In Vivo Study of an LVAD Prototype with a Hybrid Magnetic Bearing

J. P. Willis, D. H. Locke, P. Hryniewicz, S. Jahanmir, and H. Heshmat, “In Vivo Study of an LVAD Prototype with a Hybrid Magnetic Bearing,” ASAIO Journal, 49 (2003) 176. 

A second-generation prototype of a high efficiency, non-pulsatile rotary blood pump was developed for use as a left ventricular assist device (LVAD). The LVAD pump uses a hybrid passive/active magnetic bearing support system which exhibits low power losses, low vibration, and high reliability under transient conditions and varying pump orientations. Unique features of the design are the simple and direct flow path for both main and washing blood flows, the non-contact pump rotor, i.e., no rubbing surfaces, and relatively large clearances (≥ 5 mm) between the pump rotor and housing.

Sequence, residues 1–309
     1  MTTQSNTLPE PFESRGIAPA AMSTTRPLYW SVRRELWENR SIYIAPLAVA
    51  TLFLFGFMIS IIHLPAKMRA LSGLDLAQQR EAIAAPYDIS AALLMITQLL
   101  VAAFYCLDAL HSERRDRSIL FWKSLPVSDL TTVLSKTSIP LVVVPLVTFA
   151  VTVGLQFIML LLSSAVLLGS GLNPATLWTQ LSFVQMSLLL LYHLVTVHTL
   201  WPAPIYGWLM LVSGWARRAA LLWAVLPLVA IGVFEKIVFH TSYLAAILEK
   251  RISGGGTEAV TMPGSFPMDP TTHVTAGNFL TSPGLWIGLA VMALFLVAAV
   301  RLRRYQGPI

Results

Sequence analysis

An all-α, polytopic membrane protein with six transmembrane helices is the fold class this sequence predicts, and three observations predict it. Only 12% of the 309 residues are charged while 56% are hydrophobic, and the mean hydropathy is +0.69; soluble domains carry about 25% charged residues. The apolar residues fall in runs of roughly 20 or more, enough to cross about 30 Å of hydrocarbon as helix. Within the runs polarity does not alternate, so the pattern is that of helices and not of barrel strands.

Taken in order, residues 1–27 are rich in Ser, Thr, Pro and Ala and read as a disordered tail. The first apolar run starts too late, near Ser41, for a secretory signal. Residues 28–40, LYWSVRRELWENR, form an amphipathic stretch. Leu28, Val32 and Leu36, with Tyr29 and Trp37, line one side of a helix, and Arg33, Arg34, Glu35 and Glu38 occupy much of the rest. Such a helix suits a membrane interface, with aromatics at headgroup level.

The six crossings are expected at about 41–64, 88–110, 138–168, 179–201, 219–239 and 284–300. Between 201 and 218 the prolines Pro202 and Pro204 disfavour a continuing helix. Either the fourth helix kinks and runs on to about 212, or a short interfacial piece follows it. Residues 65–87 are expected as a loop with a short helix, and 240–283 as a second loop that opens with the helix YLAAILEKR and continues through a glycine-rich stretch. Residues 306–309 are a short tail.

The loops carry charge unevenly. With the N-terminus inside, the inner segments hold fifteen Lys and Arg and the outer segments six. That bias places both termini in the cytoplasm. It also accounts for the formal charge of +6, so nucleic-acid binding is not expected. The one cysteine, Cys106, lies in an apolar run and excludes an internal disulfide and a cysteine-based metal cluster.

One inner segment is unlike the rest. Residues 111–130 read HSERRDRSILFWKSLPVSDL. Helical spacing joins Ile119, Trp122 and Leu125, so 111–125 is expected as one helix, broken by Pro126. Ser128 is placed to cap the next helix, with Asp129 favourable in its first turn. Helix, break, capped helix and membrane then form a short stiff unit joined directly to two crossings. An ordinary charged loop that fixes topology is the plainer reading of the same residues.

The prototype was constructed from medical grade polycarbonate. To reduce the possibility of thrombosis, the internally exposed surface area was coated with a biocompatible polymer. The purpose of this study was to determine the in vivo form, fit and function of the pump in a calf model. Hemolysis testing, with bovine blood, was performed at the Hershey Medical Center of Pennsylvania State University. The test results showed a low normalized index of hemolysis of 0.05 g/100 L. Encouraged by these results, an acute animal test was successfully completed at the Hershey Medical Center. During the test, the pump was implanted in a calf and operated in parallel with the calf’s heart. Following the acute test a chronic implant study was completed. The results of these in vivo tests are discussed.


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